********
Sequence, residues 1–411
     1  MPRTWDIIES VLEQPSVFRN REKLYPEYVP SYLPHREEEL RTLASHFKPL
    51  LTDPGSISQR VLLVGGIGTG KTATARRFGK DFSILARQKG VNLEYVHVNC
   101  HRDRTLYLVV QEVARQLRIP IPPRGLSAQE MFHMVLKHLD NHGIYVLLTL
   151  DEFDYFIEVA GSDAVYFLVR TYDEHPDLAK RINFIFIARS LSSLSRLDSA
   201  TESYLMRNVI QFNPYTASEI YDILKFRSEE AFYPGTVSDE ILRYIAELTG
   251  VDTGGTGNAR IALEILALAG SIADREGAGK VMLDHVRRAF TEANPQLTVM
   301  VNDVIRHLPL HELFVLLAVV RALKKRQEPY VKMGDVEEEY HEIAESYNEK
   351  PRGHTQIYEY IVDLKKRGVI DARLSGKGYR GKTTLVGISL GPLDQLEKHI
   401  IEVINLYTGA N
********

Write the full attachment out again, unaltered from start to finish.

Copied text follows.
Sequence, residues 1–411
     1  MPRTWDIIES VLEQPSVFRN REKLYPEYVP SYLPHREEEL RTLASHFKPL
    51  LTDPGSISQR VLLVGGIGTG KTATARRFGK DFSILARQKG VNLEYVHVNC
   101  HRDRTLYLVV QEVARQLRIP IPPRGLSAQE MFHMVLKHLD NHGIYVLLTL
   151  DEFDYFIEVA GSDAVYFLVR TYDEHPDLAK RINFIFIARS LSSLSRLDSA
   201  TESYLMRNVI QFNPYTASEI YDILKFRSEE AFYPGTVSDE ILRYIAELTG
   251  VDTGGTGNAR IALEILALAG SIADREGAGK VMLDHVRRAF TEANPQLTVM
   301  VNDVIRHLPL HELFVLLAVV RALKKRQEPY VKMGDVEEEY HEIAESYNEK
   351  PRGHTQIYEY IVDLKKRGVI DARLSGKGYR GKTTLVGISL GPLDQLEKHI
   401  IEVINLYTGA N